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Re: Delegation for the Release Team

On Mon, 6 Jan 2014 12:26:14 -0500
Michael Gilbert <mgilbert@debian.org> wrote:

> On Mon, Jan 6, 2014 at 7:59 AM, Ian Jackson wrote:
> > Lucas Nussbaum writes ("Re: Delegation for the Release Team"):
> >> On 06/01/14 at 11:56 +0000, Neil McGovern wrote:
> >> > Explicitly again: Please see the last 7 years worth of bits
> >> > mails, where the release team have lowered this without advance
> >> > notice, for BSPs etc.
> > ...
> >> First, I do not think that we have a NMU *policy*. What we have is
> >> a set of (non-binding) recommended procedures, including
> >> recommended delays,
> >
> > I think regarding our NMU policy as non-binding is a very bad idea.


> > NMUs are an important area of interaction between maintainers and
> > other contributors.  Given the social contest, I think it is very
> > important that we have a clear understanding of what kind of NMU is
> > permissible when.  Anything else is a recipe for people with
> > different understandings of the rules to end up arguing.
> Additional layers of bureaucracy and inflexibility are the opposite
> direction that the project should be going in.

The project needs to respect the work of hard pressed teams and *help*
those teams by having strict and clear rules. Wasting time arguing
about requirements which are too vague or flexible is the wrong
direction if you actually want teams to get anything done other than
answering questions on mailing lists and IRC.

Little makes teams less popular than saying "no" continuously, so make
the rules clear and let the team manage the rules themselves.

The main changes made to the NMU policy by the release team have been
to *reduce* the timeframes but that doesn't mean that the policy itself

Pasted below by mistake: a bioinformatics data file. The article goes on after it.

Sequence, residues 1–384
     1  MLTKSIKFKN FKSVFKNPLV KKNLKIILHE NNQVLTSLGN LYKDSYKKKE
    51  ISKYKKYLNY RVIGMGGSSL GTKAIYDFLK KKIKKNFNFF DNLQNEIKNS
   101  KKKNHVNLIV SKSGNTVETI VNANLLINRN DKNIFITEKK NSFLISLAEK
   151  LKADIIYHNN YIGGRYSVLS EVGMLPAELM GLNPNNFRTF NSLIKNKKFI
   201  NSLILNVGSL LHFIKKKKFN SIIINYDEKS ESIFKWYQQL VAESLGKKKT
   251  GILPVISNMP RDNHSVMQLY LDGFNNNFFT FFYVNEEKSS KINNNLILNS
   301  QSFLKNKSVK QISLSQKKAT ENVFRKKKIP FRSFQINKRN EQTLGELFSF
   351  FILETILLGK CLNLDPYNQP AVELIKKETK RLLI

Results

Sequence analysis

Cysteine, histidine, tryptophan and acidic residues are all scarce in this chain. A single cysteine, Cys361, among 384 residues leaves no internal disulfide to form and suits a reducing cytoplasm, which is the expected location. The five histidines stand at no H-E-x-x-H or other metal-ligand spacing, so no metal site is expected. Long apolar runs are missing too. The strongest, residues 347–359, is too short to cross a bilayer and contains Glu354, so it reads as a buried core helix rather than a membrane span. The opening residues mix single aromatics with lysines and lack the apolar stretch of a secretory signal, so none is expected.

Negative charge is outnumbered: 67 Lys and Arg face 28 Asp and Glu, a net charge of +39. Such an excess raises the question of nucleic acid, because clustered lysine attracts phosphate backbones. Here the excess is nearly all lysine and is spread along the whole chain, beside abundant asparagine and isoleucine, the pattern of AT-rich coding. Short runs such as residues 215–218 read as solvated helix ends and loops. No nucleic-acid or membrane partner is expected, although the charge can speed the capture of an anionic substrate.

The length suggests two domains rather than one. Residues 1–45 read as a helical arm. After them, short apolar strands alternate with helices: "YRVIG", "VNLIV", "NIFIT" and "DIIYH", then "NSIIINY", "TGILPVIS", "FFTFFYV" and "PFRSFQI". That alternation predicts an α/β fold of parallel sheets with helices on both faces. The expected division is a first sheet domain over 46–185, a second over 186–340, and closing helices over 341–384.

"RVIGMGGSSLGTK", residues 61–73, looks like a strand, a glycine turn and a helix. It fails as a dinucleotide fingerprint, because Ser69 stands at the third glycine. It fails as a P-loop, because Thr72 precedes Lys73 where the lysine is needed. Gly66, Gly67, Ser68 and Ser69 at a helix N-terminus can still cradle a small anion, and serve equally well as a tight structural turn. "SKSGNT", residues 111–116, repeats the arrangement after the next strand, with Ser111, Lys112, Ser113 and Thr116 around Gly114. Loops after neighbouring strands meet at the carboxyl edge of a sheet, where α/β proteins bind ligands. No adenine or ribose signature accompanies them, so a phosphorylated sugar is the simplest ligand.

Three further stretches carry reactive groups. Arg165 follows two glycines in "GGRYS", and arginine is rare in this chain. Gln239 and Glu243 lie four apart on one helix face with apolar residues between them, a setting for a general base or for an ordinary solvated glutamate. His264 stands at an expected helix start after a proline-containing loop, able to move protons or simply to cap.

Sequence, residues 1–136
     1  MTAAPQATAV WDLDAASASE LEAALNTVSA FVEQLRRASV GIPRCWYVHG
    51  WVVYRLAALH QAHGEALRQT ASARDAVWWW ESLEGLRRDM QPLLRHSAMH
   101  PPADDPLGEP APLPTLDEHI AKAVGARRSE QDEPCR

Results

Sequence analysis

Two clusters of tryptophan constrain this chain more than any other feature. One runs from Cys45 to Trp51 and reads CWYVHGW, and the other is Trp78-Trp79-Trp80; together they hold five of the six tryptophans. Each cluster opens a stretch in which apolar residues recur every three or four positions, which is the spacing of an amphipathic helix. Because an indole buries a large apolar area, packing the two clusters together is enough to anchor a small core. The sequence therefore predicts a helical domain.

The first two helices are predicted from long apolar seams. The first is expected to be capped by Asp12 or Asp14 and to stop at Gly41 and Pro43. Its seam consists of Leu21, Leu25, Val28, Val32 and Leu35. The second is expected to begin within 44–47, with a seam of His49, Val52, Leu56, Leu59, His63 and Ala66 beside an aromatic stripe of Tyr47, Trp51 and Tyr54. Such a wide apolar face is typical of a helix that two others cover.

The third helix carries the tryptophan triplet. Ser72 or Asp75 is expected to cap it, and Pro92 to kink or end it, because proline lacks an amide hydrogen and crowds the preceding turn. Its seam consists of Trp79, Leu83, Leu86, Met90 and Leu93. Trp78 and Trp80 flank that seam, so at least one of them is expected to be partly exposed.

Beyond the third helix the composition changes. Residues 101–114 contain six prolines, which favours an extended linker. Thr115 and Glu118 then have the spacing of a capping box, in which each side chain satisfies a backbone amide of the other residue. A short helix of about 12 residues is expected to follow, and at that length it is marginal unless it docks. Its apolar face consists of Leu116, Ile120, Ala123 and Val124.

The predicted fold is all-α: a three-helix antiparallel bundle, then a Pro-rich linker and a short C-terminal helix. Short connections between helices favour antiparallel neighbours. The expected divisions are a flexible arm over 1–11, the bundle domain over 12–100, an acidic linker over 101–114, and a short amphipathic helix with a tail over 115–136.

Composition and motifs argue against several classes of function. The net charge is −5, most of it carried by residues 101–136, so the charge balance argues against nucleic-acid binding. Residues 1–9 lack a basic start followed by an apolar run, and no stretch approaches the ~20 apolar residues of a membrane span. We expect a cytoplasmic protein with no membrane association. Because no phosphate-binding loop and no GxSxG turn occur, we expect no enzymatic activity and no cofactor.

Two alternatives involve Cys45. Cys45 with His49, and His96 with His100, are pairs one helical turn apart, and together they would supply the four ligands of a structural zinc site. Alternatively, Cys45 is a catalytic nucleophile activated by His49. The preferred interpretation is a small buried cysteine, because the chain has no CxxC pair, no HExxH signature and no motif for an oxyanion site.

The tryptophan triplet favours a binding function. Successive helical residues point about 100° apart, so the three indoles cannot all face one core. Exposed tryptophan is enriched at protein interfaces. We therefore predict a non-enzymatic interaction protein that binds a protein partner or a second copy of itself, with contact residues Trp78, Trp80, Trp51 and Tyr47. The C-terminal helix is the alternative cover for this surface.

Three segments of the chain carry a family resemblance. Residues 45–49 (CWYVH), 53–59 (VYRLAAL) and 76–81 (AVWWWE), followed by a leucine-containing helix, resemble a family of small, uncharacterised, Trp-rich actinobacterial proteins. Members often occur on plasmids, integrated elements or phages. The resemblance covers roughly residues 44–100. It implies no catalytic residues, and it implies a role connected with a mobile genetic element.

should be non-binding.

> > Can you imagine the reaction of a maintainer team if an NMUer
> > justified a breach of the policy on the grounds that it's not
> > binding but only "guidelines" ?  I think the reaction here on
> > -devel would be unfavourable too.
> That is already effectively "enforced" by public shaming (mostly by
> the release team).  

Such enforcement is clearly insufficient.

I'm in favour of an NMU policy which pushes non-compliant NMUs to the
appropriate delayed queues automatically. Policy details to be specified
by the release team alone, managed automatically and without room for
"negotiation" (hassle) in order to free the team to actually get the
release into a good state.

NMU Policy must respond to the needs of the project through the whole
release cycle. That means letting the release team reduce the delays
needed before an NMU during a release freeze.

> It would be nice if those engaged in that
> enforcement were more kind.  A simple tip to devref would be most of
> the time effective.

Try working with a team who spend most of their time telling people not
to do things. Too many people think being "kind" is equivalent to
"giving way" and take that as a hint to pester continuously "because
the initial response didn't actually say no categorically".

Developers shouldn't *need* to be pointed at the developer reference or
release team announcement emails.


Neil Williams

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